Chart of the Day: That’s One Way to Fix Supply Chains – Stop Buying Things

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Remember back in 2021 and even more recently when we kept hearing about massive supply chain issues driving inflation? See below one expert’s comment.

“Higher inflation today reflects a restricted goods supply at the same time, there’s strong demand for many of those same goods,” says Tom Hainlin, national investment strategist at US Bank. The most notable examples of restricted supplies revolve around energy and food products, related in large part to the war between Russia and Ukraine.

Certainly, the energy sector is suffering supply chain issues due to the Ukraine conflict, but is this still true with other product areas? Supply chain issues are becoming less of a problem, as recent transport shipping data seems to imply.

  • The queue of ships waiting to unload at the ports of Los Angeles and Long Beach fell from a peak of 109 ships in January to four vessels this week.
  • Descartes Datamyne, a data analysis group owned by supply-chain software company Descartes Systems Group Inc., says container imports to the US in September declined by 11% from a year earlier and by 12.4% from August.
  • Shipping lines have canceled between 26% to 31% of their sailings across the Pacific over the coming weeks, according to Sea-Intelligence
  • In September 2021, the average cost of shipping a container from Asia to the US West Coast exceeded $20,000. Last week, the average cost to ship a container from Asia to the US West Coast had declined 84% from a year earlier to $2,720.

See the recent trend data in the chart below and learn more here.

This decline in shipping is not just container vessels at sea. FreightWaves National Truckload Index (NTI) is a seven-day moving average of spot rates that measures the US for-hire, over-the-road dry van trucking market. A real-time proxy for the health of the national supply chain used by freight and non-freight businesses. This index has recently fallen off the cliff from its previous extreme highs. See this in the chart below and see the source data here.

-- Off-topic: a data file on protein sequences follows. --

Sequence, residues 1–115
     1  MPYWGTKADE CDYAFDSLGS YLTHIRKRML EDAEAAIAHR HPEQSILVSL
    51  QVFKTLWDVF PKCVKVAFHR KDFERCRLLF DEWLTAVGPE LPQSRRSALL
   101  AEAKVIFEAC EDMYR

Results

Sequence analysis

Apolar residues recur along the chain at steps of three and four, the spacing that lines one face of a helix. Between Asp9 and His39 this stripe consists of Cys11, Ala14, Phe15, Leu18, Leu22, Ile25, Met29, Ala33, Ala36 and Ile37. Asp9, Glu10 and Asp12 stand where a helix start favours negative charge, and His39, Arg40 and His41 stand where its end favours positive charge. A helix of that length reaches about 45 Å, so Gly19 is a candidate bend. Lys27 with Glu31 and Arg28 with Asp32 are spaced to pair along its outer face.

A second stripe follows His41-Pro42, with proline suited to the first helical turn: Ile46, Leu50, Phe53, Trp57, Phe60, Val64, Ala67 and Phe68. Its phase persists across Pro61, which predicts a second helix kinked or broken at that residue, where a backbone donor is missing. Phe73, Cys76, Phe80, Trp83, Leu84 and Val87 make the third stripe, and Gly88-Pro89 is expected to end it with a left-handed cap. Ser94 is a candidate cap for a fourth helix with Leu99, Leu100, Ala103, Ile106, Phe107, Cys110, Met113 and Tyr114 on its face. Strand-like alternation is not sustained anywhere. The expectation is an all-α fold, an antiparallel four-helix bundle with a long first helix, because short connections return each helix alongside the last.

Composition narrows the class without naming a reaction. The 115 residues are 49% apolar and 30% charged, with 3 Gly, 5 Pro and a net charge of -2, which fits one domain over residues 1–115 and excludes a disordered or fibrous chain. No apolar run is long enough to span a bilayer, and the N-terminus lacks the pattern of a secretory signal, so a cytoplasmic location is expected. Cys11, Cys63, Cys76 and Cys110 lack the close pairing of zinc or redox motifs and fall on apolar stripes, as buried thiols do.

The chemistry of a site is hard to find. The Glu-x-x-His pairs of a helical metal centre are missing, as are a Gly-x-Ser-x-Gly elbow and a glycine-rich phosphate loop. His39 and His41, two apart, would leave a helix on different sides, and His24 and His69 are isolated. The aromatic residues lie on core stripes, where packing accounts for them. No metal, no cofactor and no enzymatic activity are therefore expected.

Already, the drop-off in trucking demand is causing bankruptcies in the trucking industry.

So the good news is that supply chains are clearing their backlogs. The bad news is that the reasons for clearing the backlogs are not because they have fixed supply chain issues but rather because there is simply less product being shipped. Looking at the table below, one can see that import volumes at the LA Port are back to levels seen in the 2008-2009 Great Recession era.

The slowing product demand in the supply chains would normally eventually translate to lower retail sales. Sure enough, we are starting to see this in the macroeconomic statistics. US retail trade was unchanged in September 2022, missing market expectations of a 0.2 percent advance, as high inflation, and rising borrowing costs hit consumer demand. The recent trend has been declining retail sales. See this in the chart below and see the source data here.

U.S. Retail Sales

It should be noted that retail sales are lagging data points compared to shipping volume data for obvious reasons. One needs to ship the product to the retail point before one can sell it.

So here are the key takeaways from this data.

  • Supply chains, at least in the non-energy sectors, are beginning to improve.
  • Supply chains are improving not because supply chains are necessarily fixed but rather because fewer products are being shipped to alleviate the problem.
  • Though supply chains are improving, prices are not falling – hence the idea that supply chains were causing inflation was largely false.
  • Both shipping volumes and retail sales indicate that the economy is starting to falter – and possibly in a big way. Though there are several factors involved, largely, this has been Fed induced with higher interest rates in order to fight inflation.

As the Fed continues its interest rate hike cycle, the longer-term question becomes how low the Fed will allow the economy to falter before a pivot. See here for more details on this question.

See more Chart of the Day posts.

By Tom Williams

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